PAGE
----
“GLSEN Tampa Bay’s mission is to create safe and affirming schools in Hillsborough County as every student, in every school, should be valued and treated with respect,” the organization’s announcement reads. “GLSEN believes that all students deserve a safe and affirming school environment where they can learn and grow.”

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Mama Bearings: Why I am here

By : Sylvie Griffiths
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“Why are you guys even here?” This was the very direct and rude question my husband was asked in March during this year’s Tampa Pride. We were sitting at a crowded table shared with friends, old and new, at Hamburger Mary’s Ybor. Our eight-year-old son Jake was with us.

My husband, being the kind and patient human being he is, answered in great detail. He explained to his interrogator that we were attending Tampa Pride in support of our youngest child, who identifies as transgender. Jake was even on a float and gave out beads in the parade. It was an important and magical day for us as parents seeing our little dude being himself. Celebrating diversity is one of my fondest memories with Jake so far.

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Tampa’s All Hallows’ Masquerade Ball spooks with 42nd annual theme

By : Ryan Williams-Jent
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The haunting not-for-profit All Hallows’ Masquerade Ball, billed as one of Tampa’s longest-standing traditions, has revealed the theme for its 42nd annual gathering. Guests will kick off Halloween Oct. 27 with “Scary Movie Night.”

“Cinematic themes of terror and fright / Cast yourself as that bump in the night,” the freshly-mailed invitations read. “Roles to consider, an excess for audition / Classic or current, witch, ghost or mortician. / Go campy or grotesque, any scene in between / It’s SCARY MOVIE NIGHT, the prequel to Halloween!”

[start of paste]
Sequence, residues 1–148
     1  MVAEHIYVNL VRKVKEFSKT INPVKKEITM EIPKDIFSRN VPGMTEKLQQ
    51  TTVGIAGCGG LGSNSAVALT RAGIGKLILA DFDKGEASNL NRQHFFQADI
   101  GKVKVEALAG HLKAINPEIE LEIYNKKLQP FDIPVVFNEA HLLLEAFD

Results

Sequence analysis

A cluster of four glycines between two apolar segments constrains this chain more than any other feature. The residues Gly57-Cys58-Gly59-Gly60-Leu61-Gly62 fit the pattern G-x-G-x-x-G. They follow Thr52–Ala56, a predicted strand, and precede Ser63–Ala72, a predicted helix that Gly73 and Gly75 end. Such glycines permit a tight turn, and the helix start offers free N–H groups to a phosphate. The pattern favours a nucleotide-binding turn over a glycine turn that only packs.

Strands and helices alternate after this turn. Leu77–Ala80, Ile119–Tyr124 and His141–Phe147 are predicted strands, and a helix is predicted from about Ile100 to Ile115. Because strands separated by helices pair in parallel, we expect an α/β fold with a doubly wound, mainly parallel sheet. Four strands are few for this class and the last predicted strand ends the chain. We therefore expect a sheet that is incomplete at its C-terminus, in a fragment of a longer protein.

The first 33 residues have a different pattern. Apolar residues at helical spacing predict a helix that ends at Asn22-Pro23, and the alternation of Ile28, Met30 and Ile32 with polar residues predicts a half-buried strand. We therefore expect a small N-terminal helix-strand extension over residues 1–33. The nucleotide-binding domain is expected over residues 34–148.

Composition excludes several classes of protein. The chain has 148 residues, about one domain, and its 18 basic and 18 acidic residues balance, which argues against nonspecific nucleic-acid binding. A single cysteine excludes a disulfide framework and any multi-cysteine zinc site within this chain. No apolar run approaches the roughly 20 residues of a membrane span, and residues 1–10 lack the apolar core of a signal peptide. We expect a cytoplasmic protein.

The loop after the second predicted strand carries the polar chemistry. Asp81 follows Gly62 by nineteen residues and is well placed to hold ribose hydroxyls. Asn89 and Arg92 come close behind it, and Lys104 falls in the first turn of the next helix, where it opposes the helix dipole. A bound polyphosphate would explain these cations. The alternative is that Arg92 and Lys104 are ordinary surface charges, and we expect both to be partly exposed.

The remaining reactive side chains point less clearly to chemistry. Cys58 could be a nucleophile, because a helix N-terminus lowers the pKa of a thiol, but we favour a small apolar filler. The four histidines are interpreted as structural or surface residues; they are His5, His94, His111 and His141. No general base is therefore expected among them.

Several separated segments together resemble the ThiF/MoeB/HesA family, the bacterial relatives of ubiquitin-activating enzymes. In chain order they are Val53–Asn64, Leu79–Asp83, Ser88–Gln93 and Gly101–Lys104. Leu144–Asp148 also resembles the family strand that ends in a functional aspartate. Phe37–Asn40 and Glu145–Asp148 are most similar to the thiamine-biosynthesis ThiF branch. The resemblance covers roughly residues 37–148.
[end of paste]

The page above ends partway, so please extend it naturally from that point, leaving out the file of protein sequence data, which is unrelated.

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USF announces second annual Pride Night

By : Ryan Williams-Jent
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University of South Florida (USF) football will hold the second annual USF Pride Night Sept. 1.

The Bulls will face competitor Elon at Raymond James Stadium at 6 p.m. for the outing, with Pride Night seats on the 50 yard line. “It’s critically important right now, especially in the political arena that we’re in, that we do all we can to support all of our communities,” Director of Internal Operations for the Bulls Club Todd St. John-Fulton says. “I feel like our community is coming under attack constantly, so it’s incredibly important to raise visibility.”

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Come OUT St. Pete’s second year to feature daytime Grand Central parade

By : Ryan Williams-Jent
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Come OUT St. Pete’s inaugural parade, the first daytime pride parade in St. Petersburg’s Grand Central District since 2013, will include a city block-length rainbow flag.

ST. PETERSBURG | Come OUT St. Pete (COSP) announced its second year will include a daytime LGBTQ parade in the city’s Grand Central District Oct. 6.

COSP, which began last year as a committee of the Grand Central District Association, has now applied for its own 501(c)(3) designation and exists as its own Florida nonprofit corporation. Its mission is to inspire those in the LGBTQ community to live genuinely, raise awareness of LGBTQ issues and encourage public support from community allies.

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Out singer/songwriter Calum Scott talks his new album, Tinder and first U.S. tour

By : Aaron Drake
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You might know him by his heartbreaking version of “Dancing on My Own,” but “Britain’s Got Talent” golden boy Calum Scott has much more up his sleeve.

The out singer and songwriter just released his debut album “Only Human” on Capitol Records, and he’s wasting no time in getting it out on tour. It’s his first major tour through the U.S., and many of his LGBTQ fans are eager to see him live. He will be performing with well-known a capella group Pentatonix at his upcoming show in Tampa at the MIDFLORIDA Credit Union Amphitheater Aug. 9.